It’s difficult to
describe exactly how a room reacts to David Wayne Reed unless you’ve been in a
room when David Wayne Reed enters it.
This is what I learned last December,
when I was among the storytellers drafted for one of Reed’s Shelf Life events.
I knew the local actor and playwright by reputation, but I’d never watched him
work up close. For that evening’s installment of the new-ish series (the theme
was a seasonally appropriate “Unwanted Gifts”), the Brick was packed, and when Reed took the stage, wearing a panama hat and a button-down shirt, the room
hushed as though everyone present were expecting a healing sermon.
Shelf Life isn’t
without therapeutic properties. It’s hybrid of Moth-style monologues, literary
slams, and old-fashioned show and tell. Presenters share stories connected to
objects (generally on view in the room) that relate somehow to that occasion’s
chosen theme. February 25’s is Idol Worship — about which, more in a moment.
Reed landed on the
idea for the series while cleaning out a relative’s home. As he separated which
items to discard and which to keep, he recognized that behind each possession
was a tale of some kind — an origin, a connection. Shelf Life, then, makes up a
kind of fragmented play about life with objects, one with a disparate, purposely mismatched cast.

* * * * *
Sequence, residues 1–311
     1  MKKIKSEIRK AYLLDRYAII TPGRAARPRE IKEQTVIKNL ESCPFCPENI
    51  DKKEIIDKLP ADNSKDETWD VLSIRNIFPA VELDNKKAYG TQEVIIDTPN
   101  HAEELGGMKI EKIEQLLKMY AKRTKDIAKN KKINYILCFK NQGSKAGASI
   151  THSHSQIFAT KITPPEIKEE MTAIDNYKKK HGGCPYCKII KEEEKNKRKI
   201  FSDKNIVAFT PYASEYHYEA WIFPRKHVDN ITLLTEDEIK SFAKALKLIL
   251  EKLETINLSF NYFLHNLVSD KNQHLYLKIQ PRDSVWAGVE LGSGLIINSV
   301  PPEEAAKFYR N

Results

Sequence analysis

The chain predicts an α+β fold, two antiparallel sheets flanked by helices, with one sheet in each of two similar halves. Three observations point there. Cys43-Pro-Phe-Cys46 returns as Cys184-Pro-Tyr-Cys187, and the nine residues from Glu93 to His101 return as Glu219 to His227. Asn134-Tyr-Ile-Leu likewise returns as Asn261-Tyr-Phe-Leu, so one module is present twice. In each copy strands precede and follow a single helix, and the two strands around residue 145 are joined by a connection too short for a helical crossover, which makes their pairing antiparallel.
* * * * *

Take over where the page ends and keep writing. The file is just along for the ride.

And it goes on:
For Saturday’s Idol
Worship, the title suggests objects and events tied to heroes of pop culture.
“My object is a
RuPaul doll,” says Megan Metzger, a former Pitchcontributor
now working toward her doctorate in Illinois. “She’s wearing a red-vinyl body
suit with matching thigh-high boots. She’s fierce!”
involves RuPaul’s Drag Race, a Project
Runway-like elimination contest in which participants fight for the title
of best drag queen. “Being a superfan of anything is usually perceived by
others as crazy or nerdy, but I’m hoping my story will dispel some of that
craziness and/or nerdiness,” Metzger says. She adds that, though she
travels back to KC infrequently, “when David Wayne Reed calls, I answer.”
are Judy Mills (of Mills Records), Ryan Wray, Pamela Liebbert, Gustavo Adolfo
Aybar, and Kimmie Queen. Expect to see Loverboy drumsticks, Elvis, autographs
from poets, and an imaginary friend.
I heard seven
narratives the night of Unwanted Gifts, including Mark Manning’s admission that
ceramic clowns seem to follow him, and Jen Harris’ tale about a dog-shaped
doorstop. During the latter, the room stayed utterly still, and the
already-weeping woman sitting next to me at one point had to stifle a gasp. Such reactions are why Reed
has undertaken the project. “I think it’s in the act of listening that we
incubate empathy,” he says. “And empathy breeds compassion, and compassion tears down proverbial walls of otherness.”